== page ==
The Moon in Folklore

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The moon (Drew’s Photo Shoots via Flickr)

March’s folklore article for the North Clare Local. 

Public interest in all things space has undergone a renaissance in recent years. Whether it’s new discoveries, the exploration of Mars and Pluto, or the popularity of astronauts like Chris Hadfield, the cosmos are cool again.

There’s still a lot we don’t know about space, but we have explored our nearest neighbour, the moon. It wasn’t always so. To the ancients, the moon was as strange and unknown as the furthest reaches of the most distant galaxy.

We tend to associate the moon with femininity and the sun with masculinity, but male lunar gods were common in many cultures, such as the Germanic Mani, the Mesopotamian Sin and the Japanese Tsukuyomi. Cultures with moon gods tended to have sun goddesses, and vice versa.

The Greeks associated the moon with several goddesses, notably Hecate, a deity who also ruled over dogs, witchcraft and crossroads. More famous was Diana, the virgin goddess of the hunt; a full moon would assist her in her hunting missions. Selene, sometimes called Cynthia, was a moon goddess, and her Roman equivalent was Luna. Western culture still associates the moon with femininity, doubtlessly arising from the prevalence of moon goddesses in classical culture.

It wasn’t all mysticism for the Greeks however. They understood the cause of lunar eclipses, and accurately charted the distance between the moon and the earth. However, they did believe that the full moon caused insanity and irrationality. Both Aristotle and the Roman philosopher Pliny the Elder believed that the “water in the brain” could be influenced by the moon just as the tide is.

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A rising moon (by Jose Eugenio Gomez Rodriguez via Wikimedia Commons)

This is a belief that refuses to die. Called the ‘lunar effect’, it’s quite commonly believed that the moon has a sway on human affairs. Women’s menstrual cycles also follow a 28 day span, cementing the Western association between the moon and femininity (the words ‘menstrual’ and ‘month’ both derive from the same root as ‘moon’). Scientists believe this is just a coincidence.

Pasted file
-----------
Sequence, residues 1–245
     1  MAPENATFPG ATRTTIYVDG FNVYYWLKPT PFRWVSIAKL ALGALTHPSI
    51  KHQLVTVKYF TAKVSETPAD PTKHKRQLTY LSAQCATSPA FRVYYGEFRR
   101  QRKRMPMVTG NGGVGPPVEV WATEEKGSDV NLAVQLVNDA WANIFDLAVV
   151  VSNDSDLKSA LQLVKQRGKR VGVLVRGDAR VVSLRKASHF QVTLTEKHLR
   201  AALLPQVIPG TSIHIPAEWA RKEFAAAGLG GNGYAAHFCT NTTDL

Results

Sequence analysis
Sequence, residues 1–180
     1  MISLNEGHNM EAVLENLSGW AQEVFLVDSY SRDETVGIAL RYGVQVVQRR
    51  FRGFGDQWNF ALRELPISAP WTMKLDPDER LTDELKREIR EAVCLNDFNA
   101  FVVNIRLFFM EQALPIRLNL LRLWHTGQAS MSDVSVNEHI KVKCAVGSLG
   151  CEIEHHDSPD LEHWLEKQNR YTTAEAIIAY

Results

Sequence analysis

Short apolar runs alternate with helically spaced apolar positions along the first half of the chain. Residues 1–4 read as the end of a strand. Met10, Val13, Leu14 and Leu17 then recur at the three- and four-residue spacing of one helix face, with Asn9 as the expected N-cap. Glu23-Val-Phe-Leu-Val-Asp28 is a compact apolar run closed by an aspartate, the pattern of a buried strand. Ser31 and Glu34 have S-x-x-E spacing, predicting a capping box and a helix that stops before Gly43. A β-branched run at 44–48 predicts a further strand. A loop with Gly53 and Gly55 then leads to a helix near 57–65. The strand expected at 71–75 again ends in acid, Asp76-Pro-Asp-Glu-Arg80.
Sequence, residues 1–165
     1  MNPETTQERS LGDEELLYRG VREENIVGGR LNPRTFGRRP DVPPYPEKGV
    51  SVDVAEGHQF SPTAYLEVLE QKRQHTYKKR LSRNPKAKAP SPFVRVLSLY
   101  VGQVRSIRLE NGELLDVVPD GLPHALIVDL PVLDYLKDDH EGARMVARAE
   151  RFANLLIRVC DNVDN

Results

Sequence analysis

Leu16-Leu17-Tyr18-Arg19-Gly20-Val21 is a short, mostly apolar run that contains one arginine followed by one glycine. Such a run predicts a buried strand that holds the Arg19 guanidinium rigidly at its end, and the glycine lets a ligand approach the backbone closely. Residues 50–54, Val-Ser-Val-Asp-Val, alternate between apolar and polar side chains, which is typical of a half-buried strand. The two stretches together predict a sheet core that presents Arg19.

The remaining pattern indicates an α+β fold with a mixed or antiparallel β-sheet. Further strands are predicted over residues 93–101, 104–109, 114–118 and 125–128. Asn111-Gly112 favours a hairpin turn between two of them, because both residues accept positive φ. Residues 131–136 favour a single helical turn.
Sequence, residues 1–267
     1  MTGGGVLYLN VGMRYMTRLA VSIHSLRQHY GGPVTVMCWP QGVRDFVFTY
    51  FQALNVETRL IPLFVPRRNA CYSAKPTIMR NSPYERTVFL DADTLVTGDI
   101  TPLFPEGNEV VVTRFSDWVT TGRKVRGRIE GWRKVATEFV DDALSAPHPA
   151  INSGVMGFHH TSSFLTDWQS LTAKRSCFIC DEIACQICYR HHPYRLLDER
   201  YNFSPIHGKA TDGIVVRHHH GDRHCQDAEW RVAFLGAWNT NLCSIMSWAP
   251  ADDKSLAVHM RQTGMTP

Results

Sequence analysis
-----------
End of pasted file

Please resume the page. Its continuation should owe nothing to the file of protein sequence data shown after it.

Police and emergency services across the world give anecdotal evidence of increased rates of accidents and violence during full moons, but statistics don’t bear this out. Indeed a British Tory MP, David Tredinnick, told the House of Commons in 2009 that surgeons refuse to operate under full moons, due to clotting. The Royal College of Surgeons told him that its members would “laugh their heads off” at this suggestion.

To be fair, certain breeds of fish and sea tides are affected by the moon, but its influence on human affairs is limited.

For our ancestors, it was not easy to understand lunar cycles or eclipses. An eclipse was a frightening event; in a time where lifespans were considerably shorter, people may only have seen one in a lifetime.

Eclipses were seen as omens of ill-fortune. The tendency of the moon to appear reddish or rusty in the lead-up to an eclipse (a blood moon) was understandably unnerving. The ancient Incas believed that the moon had been attacked and eaten by a jaguar and they had to perform ceremonies to save it. The Hupa Native Americans also favoured a bloody explanation. The moon had twenty wives and many more pets. When he was unable to feed all of them, the pets attacked. The moon’s wives gathered around him in protection, eclipsing him from view. The ancient Mesopotamians believed that seven demons attacked the moon during an eclipse, and an attack on the moon was also an attack on their king.

Cultures, including that of the Irish Celts, worshipped the moon. The Chinese still have a yearly Moon Festival and work off a lunar calendar. There are some beautiful traditions associated with the Moon Festival. It’s a time for family to come together and reunite, release lanterns and eat moon cakes. It’s as a time for lovers. The Chinese believe their man in the moon has a big ledger of all the world’s couples, and this is an auspicious time to find love.

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The iconic image from “La Voyage dans la Lune”, one of cinema’s earliest films (via YouTube)

The ‘man in the moon’ is common to all cultures. The moon’s pitted and strange surface has led to all sorts of curious beliefs and tales, and many people see a face in its “seas”. Incidentally, while there may have been water on the moon once, there are no seas. An Italian astronomer named Giovanni Battista Riccioli coined all the wonderfully evocative terms still used to describe the moon’s geography, like the Sea of Tranquillity, back in the 17th century. John Heywood wrote “the moon is made of green cheese” in 1546 (as a joke, it must be said) and it’s often depicted that way in children’s media. Irish folklore had a hare in the moon. In China, the goddess Chang’E was exiled to the moon, with moon rabbits for company.

The moon continues to capture our imagination. Next month I’ll be writing about werewolves.

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